Plans to build a $300 million pulp mill near Kaikohe - bringing hundreds of millions of dollars and an estimated 200 jobs - have been shelved due mainly to an Electricity Authority proposal to hike the price of power in Northland.
The mechanical pulp mill was to have been the centrepiece of an industrial park at Ngawha making use of electricity and surplus heat from Top Energy's new geothermal power plant, and had been touted as Kaikohe's economic saviour.
The plant would have cost up to $300m, employed 200 people and created many more jobs in the community.
The mill was one of the key projects in the Government's Tai Tokerau Northland Economic Action Plan. Released with great fanfare in February by Economic Development Minister Steven Joyce, the plan listed 58 initiatives to transform the region's economy.
While the mill would have been built with private money the Government pledged to find suitable investors through NZ Trade and Enterprise. The Advocate understands two overseas firms were interested.
A feasibility study by independent consultants Indufor, released this week, found there was sufficient timber in Northland to supply the mill and sufficient global demand for the pulp. The study also found the mill would complement existing wood processing plants in Northland and reduce the number of log trucks on the roads.
Despite that the project has been shelved by Northland Inc, NZ Trade and Enterprise and the Ministry of Primary Industries, which jointly funded the pre-feasibility report.
The key reason for mothballing the mill is uncertainty around future power prices caused by a Government review of the way power is priced around the country.
If the Electricity Authority's proposal goes ahead power prices will increase sharply in places like Northland, which is far from the main generation areas, and drop in the deep south. Another proposal would remove subsidies for local generation like that at Ngawha.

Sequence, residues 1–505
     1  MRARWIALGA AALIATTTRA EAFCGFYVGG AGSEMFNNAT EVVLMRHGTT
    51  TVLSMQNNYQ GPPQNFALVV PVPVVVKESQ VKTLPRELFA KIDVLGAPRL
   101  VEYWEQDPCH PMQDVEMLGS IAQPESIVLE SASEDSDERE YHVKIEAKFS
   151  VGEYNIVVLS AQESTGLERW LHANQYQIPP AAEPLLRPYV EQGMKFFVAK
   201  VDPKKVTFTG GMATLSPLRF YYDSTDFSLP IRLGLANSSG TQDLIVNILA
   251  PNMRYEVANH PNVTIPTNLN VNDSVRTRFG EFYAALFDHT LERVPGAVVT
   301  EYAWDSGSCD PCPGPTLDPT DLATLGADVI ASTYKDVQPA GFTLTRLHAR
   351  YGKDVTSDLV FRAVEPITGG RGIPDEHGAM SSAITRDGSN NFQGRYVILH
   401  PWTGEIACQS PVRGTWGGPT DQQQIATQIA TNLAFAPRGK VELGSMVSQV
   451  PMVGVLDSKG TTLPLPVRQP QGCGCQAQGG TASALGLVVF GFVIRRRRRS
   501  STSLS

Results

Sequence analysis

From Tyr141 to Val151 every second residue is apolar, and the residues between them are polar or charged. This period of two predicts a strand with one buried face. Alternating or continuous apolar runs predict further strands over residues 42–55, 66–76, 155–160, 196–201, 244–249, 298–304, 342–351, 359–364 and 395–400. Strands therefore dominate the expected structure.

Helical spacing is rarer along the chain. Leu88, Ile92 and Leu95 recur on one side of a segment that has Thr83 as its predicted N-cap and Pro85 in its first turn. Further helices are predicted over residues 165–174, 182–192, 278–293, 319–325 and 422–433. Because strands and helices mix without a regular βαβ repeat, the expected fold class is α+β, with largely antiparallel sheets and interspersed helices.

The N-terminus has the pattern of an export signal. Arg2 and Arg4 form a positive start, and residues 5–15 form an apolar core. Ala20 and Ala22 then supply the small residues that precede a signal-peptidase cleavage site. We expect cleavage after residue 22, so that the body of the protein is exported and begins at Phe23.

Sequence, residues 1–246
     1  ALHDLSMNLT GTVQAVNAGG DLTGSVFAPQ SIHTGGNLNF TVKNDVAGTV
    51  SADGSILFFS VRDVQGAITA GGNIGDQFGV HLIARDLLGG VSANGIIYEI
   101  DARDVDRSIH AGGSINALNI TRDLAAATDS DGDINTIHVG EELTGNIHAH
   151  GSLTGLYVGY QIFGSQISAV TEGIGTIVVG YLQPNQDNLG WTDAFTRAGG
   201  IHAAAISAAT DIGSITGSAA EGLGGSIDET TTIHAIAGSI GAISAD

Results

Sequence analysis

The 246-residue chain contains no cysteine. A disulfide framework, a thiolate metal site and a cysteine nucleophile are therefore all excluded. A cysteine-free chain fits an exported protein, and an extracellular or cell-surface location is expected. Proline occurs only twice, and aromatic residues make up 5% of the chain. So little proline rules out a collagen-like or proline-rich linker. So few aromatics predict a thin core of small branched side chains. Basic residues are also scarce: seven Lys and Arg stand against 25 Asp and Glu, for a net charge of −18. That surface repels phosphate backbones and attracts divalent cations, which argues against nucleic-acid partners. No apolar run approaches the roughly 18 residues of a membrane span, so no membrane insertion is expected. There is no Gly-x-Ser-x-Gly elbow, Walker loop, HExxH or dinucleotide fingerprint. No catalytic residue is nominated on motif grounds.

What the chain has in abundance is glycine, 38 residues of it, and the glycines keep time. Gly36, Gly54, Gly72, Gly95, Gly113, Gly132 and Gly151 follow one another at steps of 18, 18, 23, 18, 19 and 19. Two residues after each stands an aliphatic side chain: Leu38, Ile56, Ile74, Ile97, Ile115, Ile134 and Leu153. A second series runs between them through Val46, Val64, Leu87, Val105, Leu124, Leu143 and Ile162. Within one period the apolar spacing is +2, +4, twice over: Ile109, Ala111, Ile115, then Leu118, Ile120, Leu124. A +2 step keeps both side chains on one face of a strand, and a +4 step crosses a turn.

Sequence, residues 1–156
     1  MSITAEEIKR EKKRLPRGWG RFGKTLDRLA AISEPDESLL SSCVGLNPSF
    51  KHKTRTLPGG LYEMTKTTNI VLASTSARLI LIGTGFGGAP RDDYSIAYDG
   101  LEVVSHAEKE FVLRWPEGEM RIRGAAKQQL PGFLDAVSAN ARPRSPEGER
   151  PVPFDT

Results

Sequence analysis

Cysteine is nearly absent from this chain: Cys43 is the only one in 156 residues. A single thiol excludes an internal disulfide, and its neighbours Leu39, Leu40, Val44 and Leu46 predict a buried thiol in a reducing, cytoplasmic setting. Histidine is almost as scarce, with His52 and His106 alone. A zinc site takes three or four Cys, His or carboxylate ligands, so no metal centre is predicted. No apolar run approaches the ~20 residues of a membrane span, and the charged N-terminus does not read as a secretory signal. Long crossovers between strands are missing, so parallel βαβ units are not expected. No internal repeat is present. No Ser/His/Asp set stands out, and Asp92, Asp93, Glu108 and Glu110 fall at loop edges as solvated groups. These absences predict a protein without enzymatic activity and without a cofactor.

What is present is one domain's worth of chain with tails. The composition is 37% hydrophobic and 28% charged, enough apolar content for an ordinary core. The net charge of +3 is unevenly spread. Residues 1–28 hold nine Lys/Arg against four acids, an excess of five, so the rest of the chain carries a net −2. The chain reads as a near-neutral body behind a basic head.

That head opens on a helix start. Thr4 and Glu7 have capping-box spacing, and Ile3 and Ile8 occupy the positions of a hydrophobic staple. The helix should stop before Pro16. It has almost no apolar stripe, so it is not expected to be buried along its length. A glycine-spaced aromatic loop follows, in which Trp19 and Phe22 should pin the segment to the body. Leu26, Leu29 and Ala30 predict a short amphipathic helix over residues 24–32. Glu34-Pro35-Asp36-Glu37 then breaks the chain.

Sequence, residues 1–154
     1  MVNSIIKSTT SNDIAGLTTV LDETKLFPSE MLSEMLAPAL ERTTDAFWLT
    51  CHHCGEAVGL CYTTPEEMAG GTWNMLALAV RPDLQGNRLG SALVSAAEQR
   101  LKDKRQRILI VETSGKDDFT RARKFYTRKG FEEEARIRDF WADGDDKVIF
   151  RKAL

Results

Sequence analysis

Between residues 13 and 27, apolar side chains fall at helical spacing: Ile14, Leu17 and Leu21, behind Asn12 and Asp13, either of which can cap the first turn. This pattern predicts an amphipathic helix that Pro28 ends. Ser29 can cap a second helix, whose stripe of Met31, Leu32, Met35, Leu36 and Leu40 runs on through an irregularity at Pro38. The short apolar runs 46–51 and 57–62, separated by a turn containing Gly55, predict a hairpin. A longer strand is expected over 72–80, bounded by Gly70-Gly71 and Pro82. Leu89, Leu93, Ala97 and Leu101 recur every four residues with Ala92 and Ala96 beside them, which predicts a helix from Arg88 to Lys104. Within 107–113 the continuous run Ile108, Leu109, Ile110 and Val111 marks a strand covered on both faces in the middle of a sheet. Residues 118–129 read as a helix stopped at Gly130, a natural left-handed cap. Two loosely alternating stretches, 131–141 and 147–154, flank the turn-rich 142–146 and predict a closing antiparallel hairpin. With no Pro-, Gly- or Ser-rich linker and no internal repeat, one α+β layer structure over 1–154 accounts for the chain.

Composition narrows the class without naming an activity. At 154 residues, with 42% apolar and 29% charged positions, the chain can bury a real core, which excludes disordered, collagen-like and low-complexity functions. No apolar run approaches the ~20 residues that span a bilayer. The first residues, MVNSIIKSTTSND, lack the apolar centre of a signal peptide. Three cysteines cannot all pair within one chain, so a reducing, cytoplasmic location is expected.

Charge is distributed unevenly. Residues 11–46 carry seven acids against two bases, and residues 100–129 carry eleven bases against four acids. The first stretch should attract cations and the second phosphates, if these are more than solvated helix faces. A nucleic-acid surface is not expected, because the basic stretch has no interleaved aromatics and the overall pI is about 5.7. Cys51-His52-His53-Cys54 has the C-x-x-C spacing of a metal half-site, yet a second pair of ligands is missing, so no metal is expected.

Northland Inc chief executive David Wilson said the study identified potential for the timber processing industry in the Mid North but the decision not to keep investigating at this time was the right one.
To attract new industry regions had to be able to provide competitively priced energy but the Electricity Authority's review had created uncertainty about whether the new geothermal power plant could supply energy directly to the mill, avoiding high transmission costs. The future supply of timber was another factor in the decision.
The pulp mill was not completely off the table and could be revisited if some of the issues, particularly energy pricing, were addressed, Mr Wilson said.
The original plan called for a $750 million combined sawmill and pulp mill with 600 employees. That was scaled down to a standalone pulp mill because of the effect on existing saw mills in Northland.
Top Energy chief executive Russell Shaw, whose company is driving the Ngawha industrial park development, hoped the mothballing of the mill was a "speed bump" that could be fixed in future. The company had had great support from Northland Inc, NZTE and MPI, he said.
The Electricity Authority had been due to release its Transmission Pricing Methodology Review on Monday but it has been delayed until next week.